How far back can a background check go?

Is it true that employers can only look back 7 years?

It is an unfortunate myth that employers are only allowed to do a background check going back for seven years. In reality, employers can look as far back into someone’s history as they choose. However, under the Fair Credit Reporting Act, background check companies (or “consumer reporting agencies”) are not allowed to report negative (“adverse”) information on a consumer which is older than seven years, except for criminal convictions.

If you have a criminal conviction in your past, your employer can probably find out about it by running a criminal background check on you, even if the conviction is more than seven years old.

Non-convictions can only be reported for seven years. Arrests, indictments, dismissed charges, most traffic charges, and other criminal justice system contacts that are not convictions of crimes, cannot be reported for longer than seven years.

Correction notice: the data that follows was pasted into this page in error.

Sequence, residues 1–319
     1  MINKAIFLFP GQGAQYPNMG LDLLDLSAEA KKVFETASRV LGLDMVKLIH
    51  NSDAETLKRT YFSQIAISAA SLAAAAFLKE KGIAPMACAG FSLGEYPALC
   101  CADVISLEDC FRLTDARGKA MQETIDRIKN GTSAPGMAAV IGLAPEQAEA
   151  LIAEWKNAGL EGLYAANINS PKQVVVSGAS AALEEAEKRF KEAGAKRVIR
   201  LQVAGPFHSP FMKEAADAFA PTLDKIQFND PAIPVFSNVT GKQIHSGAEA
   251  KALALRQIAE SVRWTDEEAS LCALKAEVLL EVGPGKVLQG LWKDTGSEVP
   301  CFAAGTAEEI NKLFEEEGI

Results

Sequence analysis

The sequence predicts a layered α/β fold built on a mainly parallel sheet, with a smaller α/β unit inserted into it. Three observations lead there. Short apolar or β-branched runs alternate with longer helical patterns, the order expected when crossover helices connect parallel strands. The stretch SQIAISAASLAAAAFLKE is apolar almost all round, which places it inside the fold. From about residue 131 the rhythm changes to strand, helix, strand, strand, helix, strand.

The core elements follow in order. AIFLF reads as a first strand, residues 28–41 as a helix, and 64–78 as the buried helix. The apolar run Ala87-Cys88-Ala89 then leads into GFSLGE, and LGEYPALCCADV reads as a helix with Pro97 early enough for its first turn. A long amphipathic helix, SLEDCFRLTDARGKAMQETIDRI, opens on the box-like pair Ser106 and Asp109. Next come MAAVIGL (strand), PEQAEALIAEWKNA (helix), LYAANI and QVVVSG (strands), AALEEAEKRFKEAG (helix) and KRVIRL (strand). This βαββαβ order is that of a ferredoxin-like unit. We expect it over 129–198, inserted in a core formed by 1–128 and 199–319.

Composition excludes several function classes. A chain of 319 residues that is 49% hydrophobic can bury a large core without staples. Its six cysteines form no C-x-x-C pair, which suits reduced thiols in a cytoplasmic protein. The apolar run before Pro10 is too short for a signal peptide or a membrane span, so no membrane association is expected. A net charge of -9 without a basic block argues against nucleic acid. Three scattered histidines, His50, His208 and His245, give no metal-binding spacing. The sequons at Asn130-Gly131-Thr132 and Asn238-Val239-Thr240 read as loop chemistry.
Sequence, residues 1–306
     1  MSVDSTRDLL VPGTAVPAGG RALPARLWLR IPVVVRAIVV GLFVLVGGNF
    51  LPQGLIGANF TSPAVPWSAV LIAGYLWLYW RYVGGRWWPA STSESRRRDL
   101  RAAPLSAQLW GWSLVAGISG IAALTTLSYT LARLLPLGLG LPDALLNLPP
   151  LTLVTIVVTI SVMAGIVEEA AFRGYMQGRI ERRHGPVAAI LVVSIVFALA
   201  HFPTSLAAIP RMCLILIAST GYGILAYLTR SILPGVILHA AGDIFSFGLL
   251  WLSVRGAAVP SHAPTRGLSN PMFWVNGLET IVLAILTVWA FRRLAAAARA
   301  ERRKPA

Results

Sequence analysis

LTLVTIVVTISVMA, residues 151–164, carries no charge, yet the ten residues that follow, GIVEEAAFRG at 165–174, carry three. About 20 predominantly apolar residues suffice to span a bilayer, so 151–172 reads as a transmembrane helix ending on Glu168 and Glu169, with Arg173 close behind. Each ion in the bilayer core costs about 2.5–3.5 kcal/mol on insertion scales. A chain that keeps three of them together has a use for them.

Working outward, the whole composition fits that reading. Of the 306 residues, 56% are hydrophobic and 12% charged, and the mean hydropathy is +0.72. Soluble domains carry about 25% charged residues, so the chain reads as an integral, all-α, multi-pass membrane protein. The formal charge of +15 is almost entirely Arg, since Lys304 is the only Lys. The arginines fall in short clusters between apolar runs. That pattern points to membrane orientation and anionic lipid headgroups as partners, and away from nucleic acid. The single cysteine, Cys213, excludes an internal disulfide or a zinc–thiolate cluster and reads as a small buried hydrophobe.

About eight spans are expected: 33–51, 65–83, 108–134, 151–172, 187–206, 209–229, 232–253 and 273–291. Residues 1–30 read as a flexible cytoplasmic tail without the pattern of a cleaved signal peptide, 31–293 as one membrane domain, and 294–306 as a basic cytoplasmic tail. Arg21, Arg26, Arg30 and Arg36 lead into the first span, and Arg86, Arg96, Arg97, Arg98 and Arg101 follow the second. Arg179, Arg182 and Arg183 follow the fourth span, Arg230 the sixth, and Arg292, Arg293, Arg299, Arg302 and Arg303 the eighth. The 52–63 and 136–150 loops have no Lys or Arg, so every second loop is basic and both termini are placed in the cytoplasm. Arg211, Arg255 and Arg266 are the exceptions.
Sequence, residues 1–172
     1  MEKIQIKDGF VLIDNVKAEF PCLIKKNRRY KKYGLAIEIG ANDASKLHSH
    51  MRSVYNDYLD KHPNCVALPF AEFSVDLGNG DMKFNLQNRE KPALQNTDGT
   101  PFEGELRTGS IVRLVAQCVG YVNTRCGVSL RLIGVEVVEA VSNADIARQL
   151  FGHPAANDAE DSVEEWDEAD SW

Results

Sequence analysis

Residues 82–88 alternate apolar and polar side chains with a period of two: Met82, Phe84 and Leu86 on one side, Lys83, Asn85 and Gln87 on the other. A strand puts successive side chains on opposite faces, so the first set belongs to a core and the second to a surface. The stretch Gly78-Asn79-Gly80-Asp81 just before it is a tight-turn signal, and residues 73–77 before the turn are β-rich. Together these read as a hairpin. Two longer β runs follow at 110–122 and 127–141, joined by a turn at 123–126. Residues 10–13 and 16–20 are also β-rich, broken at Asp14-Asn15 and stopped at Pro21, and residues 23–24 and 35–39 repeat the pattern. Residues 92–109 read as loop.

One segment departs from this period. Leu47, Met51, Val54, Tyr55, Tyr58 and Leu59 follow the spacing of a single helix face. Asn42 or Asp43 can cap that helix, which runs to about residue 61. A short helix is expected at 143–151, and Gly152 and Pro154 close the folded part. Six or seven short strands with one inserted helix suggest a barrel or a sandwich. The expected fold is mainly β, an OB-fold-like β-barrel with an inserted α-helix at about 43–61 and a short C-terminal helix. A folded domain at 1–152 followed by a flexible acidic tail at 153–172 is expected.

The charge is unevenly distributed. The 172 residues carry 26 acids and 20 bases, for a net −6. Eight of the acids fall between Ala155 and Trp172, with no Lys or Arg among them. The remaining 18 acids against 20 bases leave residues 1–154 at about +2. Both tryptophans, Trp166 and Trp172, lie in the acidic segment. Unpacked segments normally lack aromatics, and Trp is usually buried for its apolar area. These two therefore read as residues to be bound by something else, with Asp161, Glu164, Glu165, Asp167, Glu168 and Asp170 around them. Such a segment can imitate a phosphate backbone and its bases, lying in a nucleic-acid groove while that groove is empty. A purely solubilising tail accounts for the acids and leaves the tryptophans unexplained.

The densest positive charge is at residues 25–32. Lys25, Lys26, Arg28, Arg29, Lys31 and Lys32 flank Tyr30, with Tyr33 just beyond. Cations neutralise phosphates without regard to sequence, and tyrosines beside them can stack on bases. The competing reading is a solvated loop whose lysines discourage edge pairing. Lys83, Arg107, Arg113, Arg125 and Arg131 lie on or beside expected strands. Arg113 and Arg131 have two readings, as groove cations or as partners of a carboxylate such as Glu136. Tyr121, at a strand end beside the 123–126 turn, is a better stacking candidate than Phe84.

If you are applying for a job and an employer asks you questions about your criminal background, you should answer truthfully. If you have received an expungement, or if you had an alternative resolution such as a deferred adjudication, deferred sentence, or a withheld adjudication or sentence, you should seek legal advice on how to answer questions about your criminal background.

Many states, including Arizona, Colorado, Connecticut, Florida, Hawaii, Kansas, Kentucky, Louisiana, Minnesota, New Mexico, New York, Pennsylvania, Washington, and Wisconsin, forbid employment discrimination against people who have criminal backgrounds.

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